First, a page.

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What’s Your Elevator Pitch?
Blog / For Sales Pros / Mar 25, 2015 / Posted by Richard Forrest / 6076

What’s Your Elevator Pitch?

I received a call last week from Justin, a marketing director who wanted me to help him grow his company’s sales. It was typical of many such calls I get each year.

So tell me Justin,” I said, “What do you do there at Local Financial?”

“Oh?” said Justin (he seemed surprised by my question). “Um, we provide a unique kind of financial advice and end-to-end relationship solutions to corporate businesses … and things like that.”

He paused, so I asked if he could elaborate.

“Well, as an industry leader, we offer a broad spectrum of products, services and solutions that can be customized to meet a variety of corporate and personal requirements … our team comprises highly seasoned financial services professionals who have the diversity and experience that allows us to offer our customers the highest level of service, advice and responsiveness.”

“Highly seasoned?” I thought to myself (I was starting to feel hungry). I also wondered which of his competitors wouldn’t also claim to have the “highest level of service, advice and responsiveness?”

“Are you a bank?” I asked.
“Not exactly,” Justin replied.
This was going to be a long conversation.


Buzzwords, Clichés, Vagueness

I’m astounded by how many people in business are unable to explain, simply and clearly, what they do and how they help their customers. Too many simply regurgitate buzzwords, clichéd phrases and vague, generic pitches. It’s no wonder they can find it difficult to generate enough leads and close enough sales to support their growth targets.

Attracting interest in your product or service begins with an effective elevator pitch – a 30-second to two-minute summary of your business and value proposition.

What are the key components of an elevator pitch?

The key elements are problem, value, credibility, difference and action:


  • What problem does your product or service solve?

  • What pain is your ideal customer experiencing?


  • How does your product or service deliver value?

  • What are the results in terms of dollars, time or quality?

  • How do you help people or businesses?


  • What can you say to demonstrate your ability to deliver value?

  • How can you support your claims?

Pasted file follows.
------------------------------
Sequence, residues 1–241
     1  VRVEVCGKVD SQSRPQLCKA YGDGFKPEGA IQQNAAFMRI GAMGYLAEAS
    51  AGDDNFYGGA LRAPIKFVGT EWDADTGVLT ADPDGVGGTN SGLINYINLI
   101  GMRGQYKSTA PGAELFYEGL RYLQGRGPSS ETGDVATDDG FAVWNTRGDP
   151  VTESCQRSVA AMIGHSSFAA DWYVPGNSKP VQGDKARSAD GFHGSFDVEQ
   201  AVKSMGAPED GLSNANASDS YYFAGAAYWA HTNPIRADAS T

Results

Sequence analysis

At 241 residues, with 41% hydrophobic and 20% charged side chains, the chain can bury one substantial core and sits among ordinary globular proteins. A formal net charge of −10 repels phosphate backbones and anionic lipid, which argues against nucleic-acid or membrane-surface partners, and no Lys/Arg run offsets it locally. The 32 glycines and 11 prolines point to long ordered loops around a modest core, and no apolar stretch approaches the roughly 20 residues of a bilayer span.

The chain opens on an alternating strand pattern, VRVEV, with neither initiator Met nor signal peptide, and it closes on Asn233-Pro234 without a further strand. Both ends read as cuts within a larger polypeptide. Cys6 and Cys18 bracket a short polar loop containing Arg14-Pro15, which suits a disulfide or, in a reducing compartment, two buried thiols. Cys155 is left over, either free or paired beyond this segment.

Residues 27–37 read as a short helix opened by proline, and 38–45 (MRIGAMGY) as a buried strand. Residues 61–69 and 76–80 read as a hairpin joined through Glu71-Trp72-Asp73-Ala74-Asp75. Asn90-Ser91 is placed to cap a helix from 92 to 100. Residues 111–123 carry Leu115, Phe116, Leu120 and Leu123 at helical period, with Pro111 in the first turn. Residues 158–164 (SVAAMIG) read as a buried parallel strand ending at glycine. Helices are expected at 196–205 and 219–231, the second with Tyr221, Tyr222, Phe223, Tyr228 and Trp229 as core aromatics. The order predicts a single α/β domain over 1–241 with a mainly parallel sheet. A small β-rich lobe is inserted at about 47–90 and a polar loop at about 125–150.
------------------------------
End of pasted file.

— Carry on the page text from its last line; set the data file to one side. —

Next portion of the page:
• What evidence do you have?

  • How have you delivered value to others?


  • How is your business, your product or your service different?

  • How is it better than the potential alternatives?

  • What’s your unique selling proposition? (Hint – it can’t be the same thing your competitors promise.)


After you’ve delivered your elevator pitch, the only action you require from the other person is an agreement to continue the conversation, either immediately or at a later date. The best way to achieve this is by offering something rather than asking. Once you give something to someone, in a spirit of real generosity, they’re more likely to open up to continued interaction.

The elevator pitch in practice

Remember Justin? How could he have improved his pitch to explain – simply, clearly and persuasively – why I should be interested in his business?

Here’s what he might have said:

  1. People and businesses often lack the capital to turn their goals and dreams into a reality. [Problem]

  2. At Local Financial, we help people get the money they need to grow and prosper. We help them source the right amount of money for their needs – in record time, at the lowest cost, and with minimal red tape. [Value]

  3. In fact, Local recently helped Meridian, a company much like yours, to raise $5 million to expand their business into South East Asia. [Credibility]

  4. Susan Lee, Meridian’s CEO, told me that working with Local was easier and faster than dealing with a bank. She said our interest rates were extremely competitive and the repayment terms were more flexible. [Difference]

  5. I’ve actually written a short case study on the Meridian deal. Can I send this to you? [Action]

Of course, you can use different parts of this pitch at different times and change the action to suit the situation. You should always be prepared to do so.

It’s not about regurgitating a script verbatim. It’s about having a clear, concise message in your mind that you can draw on and adapt to the person you’re speaking with – to communicate how you can help them and why they should engage with you further.

What’s your elevator pitch?

Here’s a list of questions to ask yourself as you tackle your own elevator speech:

  1. Does my pitch articulate a core problem that our product or service solves?

  2. Am I explaining, in simple language, how our product or service delivers value?

  3. Am I including examples to show how we’ve delivered value to others?

  4. Am I presenting a clear USP (unique selling proposition) that includes how we are  different from our competitors?

  5. When I’m finished presenting, is there an incentive for my prospect to continue the conversation with me?

Once you have satisfactorily answered these questions, you can use your pitch at networking events, during proactive outbound calls, adapt it for your website and social media channels, expand it for a corporate brochure, or use it in a footnote at the bottom of any articles you write.

You never know, one day you may even meet a prospect in an elevator and you can use it then.


About Author

Richard Forrest through his company Forrest Marketing Group, delivers professional lead generation, telemarketing, and customer service solutions across Australia. FMG in 2006 with 2 clients and a team of 3 telemarketers now a team of almost 90 staff working on over 100 active campaigns each week.

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